Early Detection of Rogue Waves Using Compressive Sensing
Bayindir, Cihan
2016-01-01
We discuss the possible usage of the compressive sampling for the early detection of rogue waves in a chaotic sea state. One of the promising techniques for the early detection of the oceanic rogue waves is to measure the triangular Fourier spectra which begin to appear at the early stages of their development. For the early detection of the rogue waves it is possible to treat such a spectrum as a sparse signal since we would mainly be interested in the high amplitude triangular region located at the central wavenumber. Therefore compressive sampling can be a very efficient tool for the rogue wave early warning systems. Compressed measurements can be acquired by remote sensing techniques such as coherent SAR which measure the ocean surface fluctuation or by insitu techniques such as spectra measuring tools mounted on a ship hull or bottom mounted pressure gauges. By employing a numerical approach we show that triangular Fourier spectra can be sensed by compressed measurements at the early stages of the develo...
Quantum tomography protocols with positivity are compressed sensing protocols
Kalev, Amir; Kosut, Robert L.; Deutsch, Ivan H.
2015-12-01
Characterising complex quantum systems is a vital task in quantum information science. Quantum tomography, the standard tool used for this purpose, uses a well-designed measurement record to reconstruct quantum states and processes. It is, however, notoriously inefficient. Recently, the classical signal reconstruction technique known as ‘compressed sensing’ has been ported to quantum information science to overcome this challenge: accurate tomography can be achieved with substantially fewer measurement settings, thereby greatly enhancing the efficiency of quantum tomography. Here we show that compressed sensing tomography of quantum systems is essentially guaranteed by a special property of quantum mechanics itself—that the mathematical objects that describe the system in quantum mechanics are matrices with non-negative eigenvalues. This result has an impact on the way quantum tomography is understood and implemented. In particular, it implies that the information obtained about a quantum system through compressed sensing methods exhibits a new sense of ‘informational completeness.’ This has important consequences on the efficiency of the data taking for quantum tomography, and enables us to construct informationally complete measurements that are robust to noise and modelling errors. Moreover, our result shows that one can expand the numerical tool-box used in quantum tomography and employ highly efficient algorithms developed to handle large dimensional matrices on a large dimensional Hilbert space. Although we mainly present our results in the context of quantum tomography, they apply to the general case of positive semidefinite matrix recovery.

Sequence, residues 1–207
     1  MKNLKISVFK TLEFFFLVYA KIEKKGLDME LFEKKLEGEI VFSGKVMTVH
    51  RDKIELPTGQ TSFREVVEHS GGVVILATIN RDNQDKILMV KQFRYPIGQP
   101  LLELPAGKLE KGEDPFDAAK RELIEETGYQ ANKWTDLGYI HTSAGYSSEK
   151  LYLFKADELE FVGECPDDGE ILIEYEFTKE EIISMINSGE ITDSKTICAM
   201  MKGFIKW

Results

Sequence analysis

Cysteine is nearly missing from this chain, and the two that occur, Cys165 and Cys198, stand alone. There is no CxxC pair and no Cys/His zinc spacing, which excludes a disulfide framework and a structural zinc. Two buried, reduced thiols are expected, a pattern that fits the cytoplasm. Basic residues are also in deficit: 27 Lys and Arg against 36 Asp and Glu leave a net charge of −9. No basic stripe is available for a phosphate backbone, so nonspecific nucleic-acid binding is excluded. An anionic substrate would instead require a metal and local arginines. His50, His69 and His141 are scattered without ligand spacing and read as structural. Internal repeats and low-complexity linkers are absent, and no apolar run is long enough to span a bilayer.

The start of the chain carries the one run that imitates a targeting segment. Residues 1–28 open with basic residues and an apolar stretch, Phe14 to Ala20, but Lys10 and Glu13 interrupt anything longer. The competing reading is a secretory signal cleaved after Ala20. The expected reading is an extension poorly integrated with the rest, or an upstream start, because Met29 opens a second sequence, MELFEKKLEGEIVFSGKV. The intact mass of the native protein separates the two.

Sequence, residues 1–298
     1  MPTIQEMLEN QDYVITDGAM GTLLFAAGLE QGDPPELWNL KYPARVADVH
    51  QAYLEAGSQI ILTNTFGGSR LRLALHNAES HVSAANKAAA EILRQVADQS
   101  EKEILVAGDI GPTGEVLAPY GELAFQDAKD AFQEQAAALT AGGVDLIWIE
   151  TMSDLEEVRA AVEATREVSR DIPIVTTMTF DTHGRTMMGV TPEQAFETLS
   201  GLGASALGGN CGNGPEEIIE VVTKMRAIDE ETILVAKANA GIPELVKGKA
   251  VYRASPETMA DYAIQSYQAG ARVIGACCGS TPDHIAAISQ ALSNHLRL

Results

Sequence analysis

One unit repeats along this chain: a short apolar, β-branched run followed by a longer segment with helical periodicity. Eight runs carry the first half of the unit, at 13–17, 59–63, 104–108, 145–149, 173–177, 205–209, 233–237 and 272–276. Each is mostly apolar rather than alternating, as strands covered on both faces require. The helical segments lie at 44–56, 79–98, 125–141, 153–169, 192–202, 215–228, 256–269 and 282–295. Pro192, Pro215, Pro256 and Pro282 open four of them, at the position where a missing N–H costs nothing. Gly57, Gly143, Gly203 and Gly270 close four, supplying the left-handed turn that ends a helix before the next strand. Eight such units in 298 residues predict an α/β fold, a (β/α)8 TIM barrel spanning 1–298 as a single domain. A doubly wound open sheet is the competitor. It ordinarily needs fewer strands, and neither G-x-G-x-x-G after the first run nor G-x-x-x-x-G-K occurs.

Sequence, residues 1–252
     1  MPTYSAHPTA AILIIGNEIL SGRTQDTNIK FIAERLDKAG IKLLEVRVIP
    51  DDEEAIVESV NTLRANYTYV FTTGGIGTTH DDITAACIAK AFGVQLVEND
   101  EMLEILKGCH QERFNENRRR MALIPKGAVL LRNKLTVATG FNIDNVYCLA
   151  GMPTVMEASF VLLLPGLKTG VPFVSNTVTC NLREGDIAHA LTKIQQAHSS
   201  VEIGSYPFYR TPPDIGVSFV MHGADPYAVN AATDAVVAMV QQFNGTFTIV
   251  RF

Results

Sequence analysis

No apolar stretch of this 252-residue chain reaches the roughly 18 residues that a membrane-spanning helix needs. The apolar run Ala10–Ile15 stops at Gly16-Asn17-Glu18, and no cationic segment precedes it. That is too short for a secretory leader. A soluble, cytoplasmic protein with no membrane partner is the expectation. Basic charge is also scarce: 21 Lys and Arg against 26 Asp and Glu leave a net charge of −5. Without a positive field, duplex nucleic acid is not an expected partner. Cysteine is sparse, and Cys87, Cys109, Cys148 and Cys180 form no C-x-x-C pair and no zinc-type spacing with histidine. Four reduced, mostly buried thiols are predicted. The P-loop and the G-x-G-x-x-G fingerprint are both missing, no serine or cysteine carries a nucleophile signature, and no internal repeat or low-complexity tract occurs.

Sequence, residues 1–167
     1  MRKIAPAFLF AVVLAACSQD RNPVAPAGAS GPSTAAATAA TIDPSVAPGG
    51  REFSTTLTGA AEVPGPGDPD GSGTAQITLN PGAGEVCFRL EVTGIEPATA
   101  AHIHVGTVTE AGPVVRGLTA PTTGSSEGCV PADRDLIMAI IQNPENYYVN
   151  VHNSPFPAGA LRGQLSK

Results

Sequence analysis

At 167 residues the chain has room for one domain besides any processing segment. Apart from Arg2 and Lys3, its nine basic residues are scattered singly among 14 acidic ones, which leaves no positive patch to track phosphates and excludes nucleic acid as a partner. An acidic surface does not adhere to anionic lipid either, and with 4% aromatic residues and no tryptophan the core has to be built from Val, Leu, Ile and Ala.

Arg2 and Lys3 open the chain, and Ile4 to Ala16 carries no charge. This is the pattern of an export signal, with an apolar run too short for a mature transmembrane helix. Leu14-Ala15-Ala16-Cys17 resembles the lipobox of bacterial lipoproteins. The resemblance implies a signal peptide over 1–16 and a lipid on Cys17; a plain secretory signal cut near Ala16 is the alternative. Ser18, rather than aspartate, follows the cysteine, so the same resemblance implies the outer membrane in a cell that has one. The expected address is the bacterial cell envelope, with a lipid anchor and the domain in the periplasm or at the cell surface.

Residual Distributed Compressive Video Sensing Based on Double Side Information
Institute of Scientific and Technical Information of China (English)
CHEN Jian; SU Kai-Xiong; WANG Wei-Xing; LAN Cheng-Dong
2014-01-01